Two fatal shootings in two weeks bring questions for Palm Beach Sheriff's Office

Tinoris Williams, 31, latest with mental illness to get tragic ending

In a previous encounter with police, the first thing Tinoris Williams told a responding Palm Beach Sheriff's deputy was that he was "a Martian of the United States," acting on full authority of the constitution. He had just thrown three bricks through the windows of his mother's apartment. The first thing Vickie Williams told the deputy, according to the December 2012 arrest report: "That her son Tinoris needs help."

Williams was taken to jail, charged with multiple felonies and eventually found not guilty by reason of insanity.

Tinoris Williams had another encounter with the Palm Beach Sheriff's Office last week. This time, he didn't survive.

This time, a deputy found Williams in an apartment that his family said he lived in. The deputy was looking for a burglary suspect who apparently matched Williams' description. The Sheriff's Office says Williams scuffled with the deputy and reached for the deputy's gun and Taser. The deputy, Ernest Cantu, shot Williams in the head, apparently killing him instantly.


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Williams was 31.

It was the second straight week that the Sheriff's Office shot and killed a mentally ill man. On April 2, Deputy Evan Rosenthal shot Matthew Pollow, 28, outside his mother's apartment in West Boca. The Sheriff's Office says Pollow charged at deputies with a screwdriver.

Hours after Williams' shooting, with his stunned mother looking on, Palm Beach Sheriff Ric Bradshaw spoke to reporters and called Tinoris Williams "the bad guy," "a violent felon," and "a very dangerous individual." He held up Williams' rap sheet and was quick to point out some 30 arrests, including battery on a police officer and aggravated assault with a deadly weapon.

Here's what Bradshaw didn't say: That most cases ended with the charges dropped or thrown out because of Williams' condition. Williams' pattern was more of a mentally ill "frequent flyer" — someone who goes through a revolving door of crisis, arrests, jailings and treatment — than hardened criminal. He never went to state prison. The 2010 battery on a LEO charge was downgraded to a misdemeanor and ultimately dropped. The deadly weapon in the aggravated assault? The bricks he launched through his mother's window.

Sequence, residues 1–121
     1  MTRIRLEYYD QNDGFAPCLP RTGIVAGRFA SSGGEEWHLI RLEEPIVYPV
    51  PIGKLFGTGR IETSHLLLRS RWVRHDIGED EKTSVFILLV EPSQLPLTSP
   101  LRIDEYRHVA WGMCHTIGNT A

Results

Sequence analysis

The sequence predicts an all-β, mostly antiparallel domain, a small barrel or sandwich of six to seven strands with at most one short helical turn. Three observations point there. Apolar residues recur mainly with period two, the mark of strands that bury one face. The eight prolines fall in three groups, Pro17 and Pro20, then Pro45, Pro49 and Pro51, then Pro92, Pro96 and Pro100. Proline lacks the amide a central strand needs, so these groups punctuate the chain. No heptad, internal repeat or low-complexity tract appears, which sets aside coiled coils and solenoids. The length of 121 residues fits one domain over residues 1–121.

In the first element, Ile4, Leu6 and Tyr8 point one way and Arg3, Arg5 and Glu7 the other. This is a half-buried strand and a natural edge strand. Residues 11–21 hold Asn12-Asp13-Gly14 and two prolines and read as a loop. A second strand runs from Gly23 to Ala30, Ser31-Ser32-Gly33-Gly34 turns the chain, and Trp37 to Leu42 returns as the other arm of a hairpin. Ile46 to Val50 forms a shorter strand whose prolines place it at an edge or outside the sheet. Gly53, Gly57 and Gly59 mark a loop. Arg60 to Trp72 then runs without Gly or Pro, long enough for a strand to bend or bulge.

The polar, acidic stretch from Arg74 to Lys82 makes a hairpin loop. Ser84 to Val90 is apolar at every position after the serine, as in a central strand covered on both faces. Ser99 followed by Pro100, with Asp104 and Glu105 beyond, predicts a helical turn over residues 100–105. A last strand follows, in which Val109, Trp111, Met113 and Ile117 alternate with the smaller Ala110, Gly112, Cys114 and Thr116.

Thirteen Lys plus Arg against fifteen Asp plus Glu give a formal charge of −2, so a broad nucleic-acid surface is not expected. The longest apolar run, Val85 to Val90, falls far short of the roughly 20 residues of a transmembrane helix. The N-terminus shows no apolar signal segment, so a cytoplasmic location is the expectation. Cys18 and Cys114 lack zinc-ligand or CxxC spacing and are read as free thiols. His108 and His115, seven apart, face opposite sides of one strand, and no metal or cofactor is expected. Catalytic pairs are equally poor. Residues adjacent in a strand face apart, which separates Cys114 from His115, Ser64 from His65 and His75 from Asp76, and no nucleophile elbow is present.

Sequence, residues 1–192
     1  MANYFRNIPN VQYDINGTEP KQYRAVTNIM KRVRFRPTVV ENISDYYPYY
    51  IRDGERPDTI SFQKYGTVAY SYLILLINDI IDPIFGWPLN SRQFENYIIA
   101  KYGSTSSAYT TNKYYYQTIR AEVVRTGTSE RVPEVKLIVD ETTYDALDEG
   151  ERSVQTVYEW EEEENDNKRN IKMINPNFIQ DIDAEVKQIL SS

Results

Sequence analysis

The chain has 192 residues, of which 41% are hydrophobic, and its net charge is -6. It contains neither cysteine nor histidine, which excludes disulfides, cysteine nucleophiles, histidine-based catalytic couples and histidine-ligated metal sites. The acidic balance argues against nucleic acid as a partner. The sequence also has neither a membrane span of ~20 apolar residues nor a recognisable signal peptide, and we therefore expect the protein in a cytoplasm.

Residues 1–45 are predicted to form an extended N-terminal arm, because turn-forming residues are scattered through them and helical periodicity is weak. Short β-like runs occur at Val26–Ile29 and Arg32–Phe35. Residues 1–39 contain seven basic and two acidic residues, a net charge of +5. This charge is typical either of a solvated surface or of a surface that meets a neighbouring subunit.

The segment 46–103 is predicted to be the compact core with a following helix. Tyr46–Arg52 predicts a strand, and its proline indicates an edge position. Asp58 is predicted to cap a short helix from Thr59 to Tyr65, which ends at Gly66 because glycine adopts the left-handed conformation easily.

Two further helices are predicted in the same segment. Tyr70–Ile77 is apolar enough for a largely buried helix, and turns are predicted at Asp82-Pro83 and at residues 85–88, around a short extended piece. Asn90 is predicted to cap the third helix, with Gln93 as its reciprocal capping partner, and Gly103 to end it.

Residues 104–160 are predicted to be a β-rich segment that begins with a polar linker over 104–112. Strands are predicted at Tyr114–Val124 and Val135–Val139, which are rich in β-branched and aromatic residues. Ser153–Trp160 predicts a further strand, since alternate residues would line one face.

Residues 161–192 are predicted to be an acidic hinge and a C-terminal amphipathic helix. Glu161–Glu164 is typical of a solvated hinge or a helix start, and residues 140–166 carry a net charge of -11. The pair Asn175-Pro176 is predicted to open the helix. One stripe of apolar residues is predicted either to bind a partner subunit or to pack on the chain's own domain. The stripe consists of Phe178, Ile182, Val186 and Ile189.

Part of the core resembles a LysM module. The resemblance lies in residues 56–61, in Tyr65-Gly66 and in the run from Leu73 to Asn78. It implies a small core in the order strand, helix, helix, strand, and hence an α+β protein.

A friend of the Williams family, Priscilla Bauldie, told me Tinoris was once a bright, motivated student who went to Florida A&M University in Tallahassee. But then he got sick, and he struggled to hold himself together. She said he went for treatment in the past year, and was being monitored by a judge. He was supposed to be at the courthouse for a status check on Friday. "He had problems, but they're making him out to be a murderer," Timothy Williams, Tinoris' father, told WPBF-TV.

I'm not here to say these two fatal shootings were unjustified. Police are given great latitude in their dangerous jobs, and basically the standard is if cops perceive an imminent threat, they are allowed to use deadly force.

But I am raising questions about the overall pattern, and whether the Sheriff's Office is examining itself to try to prevent such terrible outcomes. Lately, the M.O. at PBSO seems to be: Shoot first, answer questions later.

In Pollow's case, relatives said Matthew was in crisis and called 911 for help. He got bullets instead of treatment. I still haven't gotten an answer to whether the deputies who responded had specialized Crisis Intervention Team training. Citing the ongoing investigation, the Sheriff's Office declined further comment.

In Williams' case, his family said he was usually docile and compliant with police, and they wondered if the Sheriff's Office version of events was accurate. Bauldie said relatives found blood all over the apartment and a bullet hole in the ceiling.

The other thing that disturbs these families? The propensity of Bradshaw's office to quickly form conclusions while denigrating the shooting victims and treating relatives with utter insensitivity.

Both families say they have been left in the dark about processes and procedures, that there is no liaison to explain when they might get details — or even their loved ones' bodies back. Both families have expressed doubts about whether the agency can be trusted to investigate its own.

Palm Beach County State Attorney Dave Aronberg told me his office has experienced investigators who review police-involved shootings independently of detectives. He said two police shootings have been cleared by grand juries in the past two years.

When was the last time a cop stood trial for a bad shoot? In Palm Beach County, Aronberg said it was 1993. The officer was acquitted. Aronberg said another officer facing charges in 2008 committed suicide. In Broward, the last time an officer went to trial for a bad shoot was 1980, and that officer also was acquitted. A grand jury declined to indict a Broward Sheriff's deputy who shot an unarmed Mexican laborer in 2004. That man, German Gomez, suffered permanent brain damage and got a settlement from BSO, which fired the deputy.

Juries usually show great deference to police who shoot in the line of duty. After these latest tragedies, is it asking too much for police to show a little deference to the families of the troubled souls they killed?

mmayo@tribune.com; 954-356-4508.

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